family Brassicaceae


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Related to family Brassicaceae: Cruciferae
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Synonyms for family Brassicaceae

References in periodicals archive ?
In similar way, many studies revealed that soil incorporation of plant materials of members of family Brassicaceae managed many soil-borne phytopathogens including Alternaria alternata, Aphanomyces euteiches and Verticillium dahliae (Muehlchen et al.
The biofuel is a mixture of JP-5 and fuel made from the camelina plant, a member of the family brassicaceae that includes mustard, broccoli, and cauliflower.
A member of the mustard family Brassicaceae, garlic mustard got its name because its leaves, when crushed, smell like garlic.
For example, macroremains of Brassica campestris, Thlaspi arvense and Capsella bursa-pastoris correspond in pollen record to the family Brassicaceae.
ONE OF THE characteristics of the family Brassicaceae is its typical flower with four free petals.
rapa (Louda and Mole 1991) and are ubiquitous throughout the plant family Brassicaceae (Rodman 1991).
radish) is a member of family Brassicaceae and it is a cool-season plant which grows best in spring and autumn world-wide.
The oilseed plants, belonging to family Brassicaceae, are economically important crops around the world.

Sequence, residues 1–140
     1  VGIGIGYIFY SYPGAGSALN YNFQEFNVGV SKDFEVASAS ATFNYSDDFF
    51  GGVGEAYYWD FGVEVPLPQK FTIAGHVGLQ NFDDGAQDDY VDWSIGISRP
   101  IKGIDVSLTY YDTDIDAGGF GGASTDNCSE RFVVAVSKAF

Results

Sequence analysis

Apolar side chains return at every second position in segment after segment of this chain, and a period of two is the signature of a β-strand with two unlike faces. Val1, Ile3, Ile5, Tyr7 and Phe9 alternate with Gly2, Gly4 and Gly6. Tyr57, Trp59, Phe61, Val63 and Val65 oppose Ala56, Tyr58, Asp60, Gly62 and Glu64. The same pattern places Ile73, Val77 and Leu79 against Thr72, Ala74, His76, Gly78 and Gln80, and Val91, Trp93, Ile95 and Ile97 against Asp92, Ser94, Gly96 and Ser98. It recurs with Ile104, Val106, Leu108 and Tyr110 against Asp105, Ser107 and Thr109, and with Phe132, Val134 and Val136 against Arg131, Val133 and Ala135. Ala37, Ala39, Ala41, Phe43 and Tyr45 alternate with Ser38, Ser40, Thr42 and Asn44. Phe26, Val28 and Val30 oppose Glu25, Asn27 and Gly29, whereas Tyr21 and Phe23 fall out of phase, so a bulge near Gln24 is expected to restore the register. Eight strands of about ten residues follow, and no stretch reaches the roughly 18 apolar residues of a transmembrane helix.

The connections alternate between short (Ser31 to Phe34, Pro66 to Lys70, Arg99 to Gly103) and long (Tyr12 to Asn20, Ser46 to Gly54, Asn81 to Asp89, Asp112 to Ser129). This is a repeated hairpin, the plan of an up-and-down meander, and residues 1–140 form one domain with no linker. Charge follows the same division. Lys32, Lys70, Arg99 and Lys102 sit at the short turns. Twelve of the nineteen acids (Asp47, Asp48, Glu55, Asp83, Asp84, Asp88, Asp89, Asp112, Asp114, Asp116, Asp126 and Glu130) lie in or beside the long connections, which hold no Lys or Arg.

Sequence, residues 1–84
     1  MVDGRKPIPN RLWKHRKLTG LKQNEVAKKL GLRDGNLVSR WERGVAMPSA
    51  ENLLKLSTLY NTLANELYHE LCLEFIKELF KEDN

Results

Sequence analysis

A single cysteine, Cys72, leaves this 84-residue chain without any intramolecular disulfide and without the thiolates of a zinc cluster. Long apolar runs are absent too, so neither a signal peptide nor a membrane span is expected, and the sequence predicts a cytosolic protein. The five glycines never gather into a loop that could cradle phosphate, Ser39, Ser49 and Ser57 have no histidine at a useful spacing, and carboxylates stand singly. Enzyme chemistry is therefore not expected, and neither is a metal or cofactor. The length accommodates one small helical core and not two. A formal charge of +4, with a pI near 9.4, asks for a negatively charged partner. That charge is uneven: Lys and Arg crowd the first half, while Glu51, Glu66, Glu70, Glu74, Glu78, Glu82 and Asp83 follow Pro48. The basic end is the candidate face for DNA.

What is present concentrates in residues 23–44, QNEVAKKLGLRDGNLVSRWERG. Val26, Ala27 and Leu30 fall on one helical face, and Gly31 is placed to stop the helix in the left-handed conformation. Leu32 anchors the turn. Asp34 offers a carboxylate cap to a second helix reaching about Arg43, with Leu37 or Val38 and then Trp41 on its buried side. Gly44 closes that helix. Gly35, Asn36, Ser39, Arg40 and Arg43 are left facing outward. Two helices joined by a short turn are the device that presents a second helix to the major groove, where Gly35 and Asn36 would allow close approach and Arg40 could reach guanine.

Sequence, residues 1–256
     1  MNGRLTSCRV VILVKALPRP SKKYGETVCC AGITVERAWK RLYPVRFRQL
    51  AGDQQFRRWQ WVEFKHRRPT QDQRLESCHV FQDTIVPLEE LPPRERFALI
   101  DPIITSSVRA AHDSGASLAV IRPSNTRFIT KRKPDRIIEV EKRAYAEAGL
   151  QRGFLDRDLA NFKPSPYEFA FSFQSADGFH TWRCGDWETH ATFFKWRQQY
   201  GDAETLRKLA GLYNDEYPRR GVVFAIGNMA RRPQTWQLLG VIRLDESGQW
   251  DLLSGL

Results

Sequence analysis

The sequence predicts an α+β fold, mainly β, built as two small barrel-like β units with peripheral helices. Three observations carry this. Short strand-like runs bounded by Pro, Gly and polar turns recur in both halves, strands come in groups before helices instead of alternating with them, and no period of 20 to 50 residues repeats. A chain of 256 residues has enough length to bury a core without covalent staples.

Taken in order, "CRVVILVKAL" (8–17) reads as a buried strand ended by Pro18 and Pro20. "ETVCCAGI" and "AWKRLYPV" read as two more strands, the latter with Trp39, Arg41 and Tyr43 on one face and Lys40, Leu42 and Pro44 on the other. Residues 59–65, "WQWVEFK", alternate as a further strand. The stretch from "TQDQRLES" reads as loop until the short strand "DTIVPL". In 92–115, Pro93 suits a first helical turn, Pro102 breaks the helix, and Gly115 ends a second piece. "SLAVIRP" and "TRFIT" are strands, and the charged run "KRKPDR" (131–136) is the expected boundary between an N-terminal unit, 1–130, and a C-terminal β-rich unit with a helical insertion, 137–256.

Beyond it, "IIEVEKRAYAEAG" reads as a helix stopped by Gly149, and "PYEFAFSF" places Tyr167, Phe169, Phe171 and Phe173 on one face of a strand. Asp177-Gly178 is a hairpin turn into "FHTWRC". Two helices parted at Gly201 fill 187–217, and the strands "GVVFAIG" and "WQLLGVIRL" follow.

of the Family Brassicaceae (or Cruciferae) and is used as a leafy green vegetable.
The family Brassicaceae contains around 340 genera and over 3000 species, and Ohio has approximately 30 native Brassicaceous species (Easterly, 1964) of which 10 occupy forested habitats similar to garlic mustard.
strigosus) Pink fleabane (Erigeron Vaurie (1948) philadelphicus) Prick fleabane (Erigeron Wildermuth & Gates (1920) phildelphicus) Joe-pye weed (Eupatorium purpureum) Vaurie (1948) Thoroughwort or boneset (Eupatorium Vaurie (1948) perfoliatum) Sunflower (Helianthus annuus) Vaurie (1948) Two-flowered Cynthia Robertson (1928) (Krigia biflora) Trumpet weed (Lactuca canadensis) Wildermuth & Gates (1920) Cone flower (Rudbeckia laciniata) Vaurie (1948); Wildermuth & Gates (1920) Family Brassicaceae Crucifers (Brassica spp.
is an important component of the weed flora of family Brassicaceae infesting crop fields in Pakistan (Ahmad and Sheikh, 2003).
a member of family Brassicaceae, is also distributed widely in the Egyptian deserts and newly reclaimed lands.
Plants of the family Brassicaceae continue to bloom in late summer and fall possible attracting insects and thus insectivores.